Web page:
The historic Shaw Street School is 100 years old and Artscape Youngplace is throwing a community birthday party on Sunday, September 7 to mark the occasion! Join us for 100 Years of Creativity, presented by Catherine Gordon RE/MAX Hallmark Realty Ltd, as we pay tribute to the history of this reborn building and look forward to another century of artistic growth and inspiration at Artscape Youngplace with an afternoon of drop-in art activities, cupcake decorating, guided tours, tasty treats and more.
And now, another photo from the archives of 180 Shaw Street. This is the boys’ relay team in 1932. Students of this school were renowned for their athletic prowess. Our community researchers in 2013 uncovered this wonderful history:
“All sports were valued at Givins, but track and field was the most highly regarded. Practices were held during the school day, and coaches and students would leave class to attend, “for the good of the school.” In the 1950s and 1960s, and likely earlier too, it was forbidden to open doors in the school between 3:30 and 4:00 pm on certain days, because relay teams were practicing in the halls. Former students recall the school had a peculiar smell at those times: the school created its own liniment for athletes, called Tiger Milk, to soothe muscles. Only a handful of coaches were privy to its recipe, though it was rumored to include milk, mint and turpentine, among other ingredients. Clarence Stiver, former coach and archivist at Givins, suggested the real point of it may have been to intimidate teams with the overpowering smell.
The hard work (and the Tiger Milk) paid off. In the early days of the Toronto Public School Board, large track championships were held annually at the Canadian National Exhibition Grounds. Givins won the city championship an astonishing fifty-one times in a row, from 1898 to 1949. There was a celebration at city hall following the school’s successful 50th championship in 1948, where a commemorative certificate and the key to the city were presented to the principal.”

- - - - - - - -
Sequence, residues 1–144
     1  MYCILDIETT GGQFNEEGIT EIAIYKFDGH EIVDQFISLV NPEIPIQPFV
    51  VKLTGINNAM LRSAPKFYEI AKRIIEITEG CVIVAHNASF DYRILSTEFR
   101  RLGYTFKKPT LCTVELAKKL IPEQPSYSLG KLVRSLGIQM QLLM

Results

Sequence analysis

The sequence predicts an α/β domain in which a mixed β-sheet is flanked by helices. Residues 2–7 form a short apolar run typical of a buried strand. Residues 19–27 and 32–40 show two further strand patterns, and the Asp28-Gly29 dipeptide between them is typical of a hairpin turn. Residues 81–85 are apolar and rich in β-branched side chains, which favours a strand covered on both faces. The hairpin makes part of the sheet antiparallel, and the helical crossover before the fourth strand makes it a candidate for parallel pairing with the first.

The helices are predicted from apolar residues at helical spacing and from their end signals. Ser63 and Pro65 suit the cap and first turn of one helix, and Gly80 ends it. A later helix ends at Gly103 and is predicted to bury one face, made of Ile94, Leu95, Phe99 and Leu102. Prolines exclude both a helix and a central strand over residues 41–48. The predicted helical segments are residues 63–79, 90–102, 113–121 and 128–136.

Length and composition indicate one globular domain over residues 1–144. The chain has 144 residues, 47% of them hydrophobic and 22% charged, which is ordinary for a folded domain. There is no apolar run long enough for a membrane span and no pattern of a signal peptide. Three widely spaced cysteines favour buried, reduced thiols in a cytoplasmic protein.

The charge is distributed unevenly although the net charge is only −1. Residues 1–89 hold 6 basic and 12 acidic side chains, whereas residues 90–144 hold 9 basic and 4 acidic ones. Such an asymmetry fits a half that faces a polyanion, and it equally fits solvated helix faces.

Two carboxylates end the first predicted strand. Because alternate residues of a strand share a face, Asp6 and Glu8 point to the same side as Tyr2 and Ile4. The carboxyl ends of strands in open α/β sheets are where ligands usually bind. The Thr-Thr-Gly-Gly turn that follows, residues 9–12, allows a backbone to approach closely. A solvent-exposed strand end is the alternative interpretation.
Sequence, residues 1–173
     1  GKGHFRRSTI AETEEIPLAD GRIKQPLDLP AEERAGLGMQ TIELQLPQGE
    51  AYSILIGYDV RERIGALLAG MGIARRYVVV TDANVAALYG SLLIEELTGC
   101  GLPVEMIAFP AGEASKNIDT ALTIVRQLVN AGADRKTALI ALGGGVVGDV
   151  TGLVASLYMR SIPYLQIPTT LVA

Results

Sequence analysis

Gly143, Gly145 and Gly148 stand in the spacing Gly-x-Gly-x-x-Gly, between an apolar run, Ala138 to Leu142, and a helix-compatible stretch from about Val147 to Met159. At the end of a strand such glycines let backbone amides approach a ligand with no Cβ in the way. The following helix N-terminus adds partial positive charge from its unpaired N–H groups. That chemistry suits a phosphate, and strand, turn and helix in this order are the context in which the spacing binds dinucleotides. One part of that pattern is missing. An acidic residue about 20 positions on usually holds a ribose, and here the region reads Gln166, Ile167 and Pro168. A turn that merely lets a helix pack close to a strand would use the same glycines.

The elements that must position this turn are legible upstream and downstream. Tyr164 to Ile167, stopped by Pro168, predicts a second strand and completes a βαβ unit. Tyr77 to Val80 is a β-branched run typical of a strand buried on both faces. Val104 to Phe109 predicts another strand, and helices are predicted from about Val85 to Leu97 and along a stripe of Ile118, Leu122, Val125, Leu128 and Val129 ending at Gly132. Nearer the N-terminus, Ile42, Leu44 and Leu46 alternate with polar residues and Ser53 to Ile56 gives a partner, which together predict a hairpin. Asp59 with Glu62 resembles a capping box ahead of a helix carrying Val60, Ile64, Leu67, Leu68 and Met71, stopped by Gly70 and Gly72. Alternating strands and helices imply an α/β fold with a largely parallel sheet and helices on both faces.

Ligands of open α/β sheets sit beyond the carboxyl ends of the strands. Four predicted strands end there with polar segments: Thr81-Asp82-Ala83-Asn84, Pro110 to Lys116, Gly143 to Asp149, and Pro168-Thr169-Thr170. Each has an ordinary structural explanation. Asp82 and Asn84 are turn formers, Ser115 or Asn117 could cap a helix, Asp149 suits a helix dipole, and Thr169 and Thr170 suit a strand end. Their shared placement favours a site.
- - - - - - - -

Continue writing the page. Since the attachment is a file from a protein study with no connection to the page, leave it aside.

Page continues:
Our community researchers performed archival and first-person research to discover the stories from years past associated with the building that is now Artscape Youngplace. We were delighted by what they uncovered. Keep your eyes on this News page for more histories from the vault. And say three cheers for our researchers! Hip, hip, hooray!
In this series of posts about the history of 180 Shaw Street and its site, we’ll be sharing the information contained in our permanent “history wall” located near the front entrance of Artscape Youngplace.
There were several buildings occupying the site where the current Artscape Youngplace building now stands. The first was a one-room schoolhouse erected by the Toronto Public School Board in 1848. It was one of two local schools to mix boys and girls in the same classroom, and was constructed on the Givins estate.
After the school board acquired additional land from this estate, it replaced the one-room schoolhouse with a two-roomed building that would better service the increasing population of the area. This new building was renamed the Givins School in 1860.
A third building was constructed on the site in 1876, including 21 classrooms (above). The building now at 180 Shaw Street (below) was erected in 1914 under the direction and supervision of C. H. Bishop, an architect and long-serving Superintendent of Buildings for the Toronto Board of Education.